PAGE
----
5. Marg, do you know scripture for why Jesus came as a man and is the image of God? I come from a very strict church and marriage to submit to headship of man. I hope you understand why I am thinking on this subject. Teresa

    1. Hi Teresa,

      There are several verses that show that men and women are made in the image of God and bear his glory. Take a look here: https://margmowczko.com/man-woman-image-glory-god-1-corinthians-11-7/

      And I have an article that suggests reasons why Jesus come to earth as a male human here: https://margmowczko.com/is-god-male-or-masculine/ Look for the heading “Jesus is Male.”

    1. Thanks, Sarah. 🙂

  6. I am not a Bible scholar, theologian, or expert in ancient Biblical languages. So my understanding of some of these issues might be a bit spotty.

    Having said that… can we look at 1 Corinthians chapter 5? In verse 11 Paul tells us that we are not to associate with anyone who claims to be a believer, but is (presumably habitually) “sexually immoral or greedy, an idolater or slanderer, a drunkard or swindler.” (NIV) We are told not to even eat with such people, and in verse 13 he quotes Deuteronomy and says to expel the wicked from among us.

    Other translations use “railer” or “reviler” where NIV uses “slanderer.” In modern terms, we could say “verbal abuser.”

    So again, if a person claims to be a believer, but does those things listed in 1 Corinthians 5:11, including verbal abuse (and it’s not just a one-time event where they “fell off the wagon” but then got back aboard), we are not supposed to even eat with them.

    If we are not to even eat with them, how on earth are we nevertheless expected (by some) to stay married to them?? Am I missing something here?

    1. Hi SW,

      You make a great point. Paul states Christians should not associate with someone who claims to be a Christian and behaves badly, including being verbally abusive. He even calls such a person “wicked.”

      “But now I am writing to you not to associate with anyone who bears the name of brother or sister who is sexually immoral or greedy, or is an idolater, reviler [loidoros: “verbally abusive”], drunkard, or robber. Do not even eat with such a one. For what have I to do with judging those outside? Is it not those who are inside that you are to judge? God will judge those outside. “Drive out the wicked person from among you.” 1 Corinthians 5:11-13 NRSV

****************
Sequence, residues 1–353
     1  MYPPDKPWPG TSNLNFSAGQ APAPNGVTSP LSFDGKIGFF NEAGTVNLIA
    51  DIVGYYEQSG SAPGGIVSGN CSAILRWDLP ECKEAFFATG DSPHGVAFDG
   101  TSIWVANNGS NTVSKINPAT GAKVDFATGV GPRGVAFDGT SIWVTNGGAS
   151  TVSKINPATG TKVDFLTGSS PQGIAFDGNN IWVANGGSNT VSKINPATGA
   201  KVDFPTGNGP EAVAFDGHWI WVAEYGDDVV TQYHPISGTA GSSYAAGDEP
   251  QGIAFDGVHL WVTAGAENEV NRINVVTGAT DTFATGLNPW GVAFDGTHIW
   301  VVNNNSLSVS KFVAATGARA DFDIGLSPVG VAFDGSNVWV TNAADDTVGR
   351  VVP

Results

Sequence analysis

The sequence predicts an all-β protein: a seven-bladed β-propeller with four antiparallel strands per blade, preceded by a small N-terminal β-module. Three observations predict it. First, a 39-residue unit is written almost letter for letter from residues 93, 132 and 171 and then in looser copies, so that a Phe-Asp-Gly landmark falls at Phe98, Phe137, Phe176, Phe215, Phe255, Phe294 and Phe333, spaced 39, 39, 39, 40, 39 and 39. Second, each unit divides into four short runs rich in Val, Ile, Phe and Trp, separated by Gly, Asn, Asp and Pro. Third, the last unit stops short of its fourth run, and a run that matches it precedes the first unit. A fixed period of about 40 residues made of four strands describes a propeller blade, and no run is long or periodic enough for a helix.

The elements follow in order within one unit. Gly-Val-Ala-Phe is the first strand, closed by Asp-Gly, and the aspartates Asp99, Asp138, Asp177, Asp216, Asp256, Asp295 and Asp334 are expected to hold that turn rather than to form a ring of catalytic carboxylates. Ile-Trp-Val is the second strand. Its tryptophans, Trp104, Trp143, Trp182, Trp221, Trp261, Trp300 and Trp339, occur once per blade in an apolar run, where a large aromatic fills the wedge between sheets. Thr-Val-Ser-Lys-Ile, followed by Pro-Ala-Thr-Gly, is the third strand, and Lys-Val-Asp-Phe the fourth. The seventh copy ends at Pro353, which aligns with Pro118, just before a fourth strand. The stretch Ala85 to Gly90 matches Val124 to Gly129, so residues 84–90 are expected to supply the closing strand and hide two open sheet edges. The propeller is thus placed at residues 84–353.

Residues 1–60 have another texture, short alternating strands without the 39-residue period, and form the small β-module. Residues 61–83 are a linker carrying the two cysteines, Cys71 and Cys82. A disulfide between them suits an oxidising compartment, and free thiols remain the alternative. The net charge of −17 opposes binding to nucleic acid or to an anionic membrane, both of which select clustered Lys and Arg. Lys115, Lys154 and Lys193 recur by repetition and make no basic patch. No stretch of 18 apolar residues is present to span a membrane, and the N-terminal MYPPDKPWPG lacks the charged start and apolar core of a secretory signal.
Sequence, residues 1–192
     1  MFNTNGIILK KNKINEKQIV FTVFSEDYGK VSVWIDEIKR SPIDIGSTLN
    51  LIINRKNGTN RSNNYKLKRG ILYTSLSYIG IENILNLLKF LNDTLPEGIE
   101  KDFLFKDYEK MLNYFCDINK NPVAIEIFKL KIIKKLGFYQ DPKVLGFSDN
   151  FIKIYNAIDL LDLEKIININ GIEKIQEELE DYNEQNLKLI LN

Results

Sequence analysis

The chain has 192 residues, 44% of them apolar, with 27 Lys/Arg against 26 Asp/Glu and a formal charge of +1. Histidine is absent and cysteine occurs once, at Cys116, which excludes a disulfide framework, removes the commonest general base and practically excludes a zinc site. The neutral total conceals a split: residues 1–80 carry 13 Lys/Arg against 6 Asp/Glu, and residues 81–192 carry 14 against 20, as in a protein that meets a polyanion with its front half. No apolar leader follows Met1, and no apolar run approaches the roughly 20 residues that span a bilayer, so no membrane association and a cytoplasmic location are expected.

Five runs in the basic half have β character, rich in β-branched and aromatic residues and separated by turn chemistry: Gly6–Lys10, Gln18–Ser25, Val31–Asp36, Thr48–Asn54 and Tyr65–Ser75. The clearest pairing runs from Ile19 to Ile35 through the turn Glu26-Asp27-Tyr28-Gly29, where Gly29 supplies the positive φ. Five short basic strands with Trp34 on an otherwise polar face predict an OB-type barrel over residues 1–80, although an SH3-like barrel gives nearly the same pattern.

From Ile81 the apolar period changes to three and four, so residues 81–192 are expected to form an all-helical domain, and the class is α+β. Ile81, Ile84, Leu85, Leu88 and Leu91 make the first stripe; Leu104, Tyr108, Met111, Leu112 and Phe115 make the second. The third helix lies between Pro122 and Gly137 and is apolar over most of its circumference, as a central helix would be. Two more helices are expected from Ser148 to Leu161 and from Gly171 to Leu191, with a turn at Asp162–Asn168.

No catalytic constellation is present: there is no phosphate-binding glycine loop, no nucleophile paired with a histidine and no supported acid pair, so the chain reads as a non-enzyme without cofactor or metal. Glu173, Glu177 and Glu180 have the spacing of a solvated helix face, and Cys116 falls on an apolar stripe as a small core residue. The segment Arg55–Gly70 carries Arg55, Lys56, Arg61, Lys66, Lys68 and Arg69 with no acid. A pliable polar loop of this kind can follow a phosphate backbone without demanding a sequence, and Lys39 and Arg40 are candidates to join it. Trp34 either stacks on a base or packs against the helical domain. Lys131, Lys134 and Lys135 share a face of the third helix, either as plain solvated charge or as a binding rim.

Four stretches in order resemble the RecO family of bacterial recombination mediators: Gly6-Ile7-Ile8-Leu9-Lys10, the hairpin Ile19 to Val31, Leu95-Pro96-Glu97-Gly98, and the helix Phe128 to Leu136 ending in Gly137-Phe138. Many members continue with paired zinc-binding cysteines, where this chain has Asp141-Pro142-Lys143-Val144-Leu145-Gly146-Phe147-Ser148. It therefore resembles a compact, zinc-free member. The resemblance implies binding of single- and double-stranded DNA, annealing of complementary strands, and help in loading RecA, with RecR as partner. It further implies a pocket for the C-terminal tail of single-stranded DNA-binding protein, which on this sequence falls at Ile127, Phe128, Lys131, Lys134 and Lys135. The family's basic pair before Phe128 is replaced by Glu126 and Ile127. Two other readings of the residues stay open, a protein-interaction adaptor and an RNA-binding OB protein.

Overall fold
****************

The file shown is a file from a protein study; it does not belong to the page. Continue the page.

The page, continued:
Paul didn’t necessarily have marriage in mind when he wrote these words, but the principle could be applied to marriage.

      How many Christians, especially women, have had to put up with the abuse of revilers and drunks? It is very distressing that the church has counselled women to stay with an abusive spouse. 🙁

      Thank you for highlighting these verses! I’ve shared this on my Facebook page here. And I’ve added information in endnote 8 above.

  7. I appreciate you’re comments on I cor 7. Especially that you are not Willing to extrapolate the message beyond the original intent/circumstances. I also think you are correct in reference to apoluo and chorizo (sorry I have no minuscules on my I-Pad). I think the other Greek word that means a lot that may not come through is dedoulotai in 7:15. When I looked at this passage in the Greek for the first time in ages this word just burst out at me. It so obviously links the discussion of marriage to slavery just a few verses later. This is not a sophomoric equation like people joke about. But it’s real. The single pe son and the free person both have more self direction in how they serve God.
    I als think that choice of words used instead of the word strictly meaning divorce is just logical. One person leaves, one person stays. If we substituted “eviction notice” for apoluo and “leaving” for chorizo in this passage I think we get a bit of a feel for why these words were chosen. It also makes the passage flow better. I’m not saying this is a better translation, just a nuance that our English vocabulary isn’t showing.
    I was struck by these thoughts yesterday morning as I was reading. I did a casual nternet search and to see if anyone else had them and I found your page. ?you brought a focus on the original context of this that I wasn’t thinking about, and I appreciate your work. Thanks.

    1. Hi Matt,

      Thanks for your kind words. I like your idea about “eviction notice” for apoluō and “leaving” for chōrizō. It does help to highlight the different nuances in the words. But Paul does use both words to refer to divorce.

      And you bring up an interesting idea about dedoulotai and slavery. I hadn’t made that connection. I’m not sure if we can make too much of it though.

  8. Dear Marg,

    Ever since I learned that wife beating was considered acceptable in Christian society (both east and west) for centuries for the purpose of “chastisement”, I have been struggling to see where the Bible actually forbids physical abuse. After all, if loads and loads of Christian thinkers throughout history have failed to see it, then maybe it’s not really forbidden?

    Exodus 21, for example, only forbids the neglect of food, clothing, and conjugal rights. Beatings for physical chastisement are not mentioned. I read David Instone-Brewer’s magnum opus on the subject. Even he admits that we don’t have any surviving first century Jewish court cases that would shed light on whether the Rabbis interpreted physical chastisement of wives as being okay or not. Worse yet, later Rabbinic opinions through the middle ages seem mixed. Some say yes, and some say no. And as a woman, getting a divorce because a husband was beating her was still rubbishly hard in medieval Jewish communities.